Symptoms of JIA

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Introduction

The information that follows is an attempt to guide parents or other concerned adults in how to tell their own particular story about their child to a doctor.

These concerns may only be an uncomfortable instinctive feeling that all is not quite right. It is very likely you do not feel that any one symptom or problem is sufficiently ‘troublesome’ or would mean very much if that is your only concern. However, it may be that when you look through the lists there could be one or two (or more) situations that match with your own experiences.

There are many times during a child’s physical, social and emotional development when parents and carers have concerns about them for a multitude of reasons. Many of these ups and downs are part of normal development, for example suffering from childhood illnesses, trips and tumbles, falling out with friends and so on. 

Mom with little daughterWe hope that the following three sections divided into what to consider in very young, young and older children will allow you to jot down any similarities that you have observed or feel to be correct in order to be more specific and detailed in any explanation you put to a doctor.

Please remember that most childhood problems are common, are known, and can be successfully managed. This website is developed to help parents whose child or young person has been diagnosed with the juvenile form of arthritis. This condition is rare (approximately 1 child in every 1000 is diagnosed with juvenile arthritis) and most people do not know it exists, unlike childhood diabetes which has almost the same incidence.

Our aim is to help parents ‘tell their whole story’ with all relevant information’ to their GP so that referral to a specialist centre can be arranged. The specialist will expect to see any child whose symptoms may be the start of juvenile arthritis and have lasted on and off for around 6 weeks because early diagnosis and treatment is vitally important.

Early treatment is the key to successful control of childhood arthritis.

The following tables are broken up into 3 age categories. Click on these links to skip to the relevant table:

Symptoms in babies and very young children

Is your child in pain? Young child

  • Can you see any evidence to explain crying or can he/she tell you? 
  • Is it difficult to comfort your child? 
  • Has this happened before; many times? 
  • Is he/she fretful? 
  • Is he/she slow to get moving and using joints on waking/stiffness? 

Has expected development slowed down?

  • requesting to be carried
  • delayed crawling/walking
  • Have you noticed your child using their joints in a different way? 
    eg using knuckles to help standing from the floor rather than wrists
    (when flat of hand is normally used to push up)
  • not wanting cuddles
  • regression in use of potty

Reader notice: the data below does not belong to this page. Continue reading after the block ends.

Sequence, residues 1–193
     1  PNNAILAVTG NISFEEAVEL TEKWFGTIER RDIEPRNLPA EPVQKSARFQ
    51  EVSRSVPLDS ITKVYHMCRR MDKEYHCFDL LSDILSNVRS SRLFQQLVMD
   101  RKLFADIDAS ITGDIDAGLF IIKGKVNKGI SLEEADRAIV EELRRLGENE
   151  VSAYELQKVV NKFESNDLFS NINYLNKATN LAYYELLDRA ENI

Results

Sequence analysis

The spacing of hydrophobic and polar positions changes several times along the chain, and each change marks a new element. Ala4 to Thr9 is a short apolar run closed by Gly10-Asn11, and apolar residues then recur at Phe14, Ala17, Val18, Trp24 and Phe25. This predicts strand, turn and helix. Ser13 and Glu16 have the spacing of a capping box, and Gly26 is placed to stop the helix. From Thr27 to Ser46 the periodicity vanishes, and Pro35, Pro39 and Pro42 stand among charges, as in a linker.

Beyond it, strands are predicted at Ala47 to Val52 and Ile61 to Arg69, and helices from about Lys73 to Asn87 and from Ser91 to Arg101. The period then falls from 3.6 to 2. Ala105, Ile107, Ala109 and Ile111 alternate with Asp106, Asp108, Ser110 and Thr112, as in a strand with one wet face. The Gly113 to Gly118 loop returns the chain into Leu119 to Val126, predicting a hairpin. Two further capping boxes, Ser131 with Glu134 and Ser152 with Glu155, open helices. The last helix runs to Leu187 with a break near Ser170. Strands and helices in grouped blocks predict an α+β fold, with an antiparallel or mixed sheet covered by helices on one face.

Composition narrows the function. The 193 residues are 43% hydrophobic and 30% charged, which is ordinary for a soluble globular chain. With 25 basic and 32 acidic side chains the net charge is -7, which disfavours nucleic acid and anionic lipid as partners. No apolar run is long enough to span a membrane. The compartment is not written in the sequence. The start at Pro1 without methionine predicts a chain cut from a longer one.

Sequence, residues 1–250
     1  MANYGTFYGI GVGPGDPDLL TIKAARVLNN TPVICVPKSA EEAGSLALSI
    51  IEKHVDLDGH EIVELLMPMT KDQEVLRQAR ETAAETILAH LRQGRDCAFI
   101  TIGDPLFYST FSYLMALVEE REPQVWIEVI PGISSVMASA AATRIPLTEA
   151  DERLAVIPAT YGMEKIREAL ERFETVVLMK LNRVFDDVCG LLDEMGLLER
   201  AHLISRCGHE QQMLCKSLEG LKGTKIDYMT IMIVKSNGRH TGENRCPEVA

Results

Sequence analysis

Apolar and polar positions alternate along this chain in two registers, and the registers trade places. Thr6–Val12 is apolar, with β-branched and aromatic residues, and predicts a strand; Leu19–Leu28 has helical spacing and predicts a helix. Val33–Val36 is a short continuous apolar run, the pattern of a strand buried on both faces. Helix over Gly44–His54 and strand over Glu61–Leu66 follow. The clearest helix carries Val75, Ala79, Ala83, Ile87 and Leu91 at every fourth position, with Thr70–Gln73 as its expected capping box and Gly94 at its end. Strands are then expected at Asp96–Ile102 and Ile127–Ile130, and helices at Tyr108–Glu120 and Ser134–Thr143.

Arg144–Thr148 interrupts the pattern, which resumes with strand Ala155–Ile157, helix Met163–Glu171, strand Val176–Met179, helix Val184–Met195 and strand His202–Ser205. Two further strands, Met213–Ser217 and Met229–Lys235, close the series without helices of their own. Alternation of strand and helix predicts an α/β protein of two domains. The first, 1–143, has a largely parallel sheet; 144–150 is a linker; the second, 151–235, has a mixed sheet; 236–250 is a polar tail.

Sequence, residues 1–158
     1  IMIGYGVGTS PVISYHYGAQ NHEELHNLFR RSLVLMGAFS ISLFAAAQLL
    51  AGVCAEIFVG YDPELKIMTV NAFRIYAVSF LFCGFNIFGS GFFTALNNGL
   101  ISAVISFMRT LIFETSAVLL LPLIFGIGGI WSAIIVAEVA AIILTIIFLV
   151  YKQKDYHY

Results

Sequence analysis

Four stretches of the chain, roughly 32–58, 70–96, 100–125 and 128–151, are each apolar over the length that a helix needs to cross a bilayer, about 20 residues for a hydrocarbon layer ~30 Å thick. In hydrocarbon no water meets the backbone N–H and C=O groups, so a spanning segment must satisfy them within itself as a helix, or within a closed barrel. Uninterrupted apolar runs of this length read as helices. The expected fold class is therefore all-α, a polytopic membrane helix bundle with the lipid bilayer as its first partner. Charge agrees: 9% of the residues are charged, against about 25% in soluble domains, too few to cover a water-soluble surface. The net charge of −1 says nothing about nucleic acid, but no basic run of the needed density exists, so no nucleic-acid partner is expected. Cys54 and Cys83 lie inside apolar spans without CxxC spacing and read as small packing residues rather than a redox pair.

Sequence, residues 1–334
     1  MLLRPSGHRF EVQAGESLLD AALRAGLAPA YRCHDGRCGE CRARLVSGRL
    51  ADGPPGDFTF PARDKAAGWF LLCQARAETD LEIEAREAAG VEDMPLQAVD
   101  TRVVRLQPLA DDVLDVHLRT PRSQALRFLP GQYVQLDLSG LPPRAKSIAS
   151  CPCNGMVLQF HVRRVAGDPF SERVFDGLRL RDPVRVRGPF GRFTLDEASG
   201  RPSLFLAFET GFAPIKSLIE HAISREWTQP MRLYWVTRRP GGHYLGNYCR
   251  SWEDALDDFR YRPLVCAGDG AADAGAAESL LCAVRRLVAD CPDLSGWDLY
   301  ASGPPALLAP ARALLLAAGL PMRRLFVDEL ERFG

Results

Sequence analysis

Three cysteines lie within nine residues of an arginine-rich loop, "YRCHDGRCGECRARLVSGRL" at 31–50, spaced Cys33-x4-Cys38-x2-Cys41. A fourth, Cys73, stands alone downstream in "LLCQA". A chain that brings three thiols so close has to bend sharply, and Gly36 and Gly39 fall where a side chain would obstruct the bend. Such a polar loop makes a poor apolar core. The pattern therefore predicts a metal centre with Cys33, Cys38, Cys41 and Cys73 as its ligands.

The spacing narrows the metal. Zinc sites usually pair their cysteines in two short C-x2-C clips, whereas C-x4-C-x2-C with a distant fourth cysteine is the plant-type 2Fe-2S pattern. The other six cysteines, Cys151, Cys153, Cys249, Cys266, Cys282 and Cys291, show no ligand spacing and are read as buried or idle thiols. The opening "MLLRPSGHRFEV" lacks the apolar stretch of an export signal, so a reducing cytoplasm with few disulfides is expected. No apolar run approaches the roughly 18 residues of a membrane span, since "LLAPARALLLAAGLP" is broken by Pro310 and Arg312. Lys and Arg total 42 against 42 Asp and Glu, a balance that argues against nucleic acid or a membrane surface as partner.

Is your child fretful/unhappy?

  • unexplained weight loss
  • obvious signs of child being miserable/listless
  • poor sleep pattern
  • waking up upset

Do you see any physical signs? 

  • swollen/hot joint(s)
  • swollen glands
  • fever – may come & go
  • rash –   may come & go 
  • anything else

Symptoms in young children

Child at laptop

Is your child in pain?

  • Can you see any evidence to explain crying or can he/she tell you?
  • Is it difficult to comfort your child?
  • Has this happened before; many times?
  • Is he/she slow to get moving and using joints on waking/stiffness? 

Is your child unhappy?

  • Is there unexplained weight loss?
  • Can you see obvious signs of your child being miserable/listless?
  • Is he/she irritable, moaning, angry?
  • Is he/she reluctant to join in with ordinary activities?
  • Do you notice his/her tiredness, weariness, low energy?
  • Is he/she not wanting to go to school?

Do you see any physical signs? 

  • swollen/hot joint(s)
  • swollen glands
  • fever – may come & go
  • rash –   may come & go
  • anything else

Symptoms in pre-teen and teenage children

Is your young person in pain?Teenage girl

  • Can you see this, has he/she told you
  • Is he/she complaining of:
    - groin strain
    - sore ankle(s)/wrist(s)
    - stiff, swollen knee(s)/ankle(s), wrist(s)
    - really sore toe(s), finger(s)
    - achy neck
  • Does he/she have common cold/flu-like symptoms?
  • Has this happened before; many times?
  • Is he/she slow to get moving and using joints on waking/stiff?

Do you see any physical signs? 

  • swollen/hot joint(s)
  • swollen glands
  • fever – may come & go
  • rash –   may come & go  
  • anything else

Do you feel you have an unhappy young person?

  • Is there unexplained weight loss? 
  • Are there obvious signs of being miserable/listless? 
  • Is there a reluctance to participate? 
  • Do you feel he/she is becoming isolated? 
  • Is he/she irritable, moaning, stroppy, angry? 
  • Is he/she not wanting to go to school? 
  • Do you notice tiredness, weariness, low energy? = fatigue 
  • Do you feel there might be a physical cause for this interference with daily life or do you need to consider 
    bullying or other emotional causes?

References available on request 

By retired rheumatology clinical nurse specialist Nicky Kennedy BSc RN QN HV

Original article: 06/10/2016
Reviewed: N/A 
Next review due: 06/10/2019

Images:  
Graphic in Introduction: Love vector designed by Freepik
Image of teenage girl: People photograph designed by Pressfoto - Freepik.com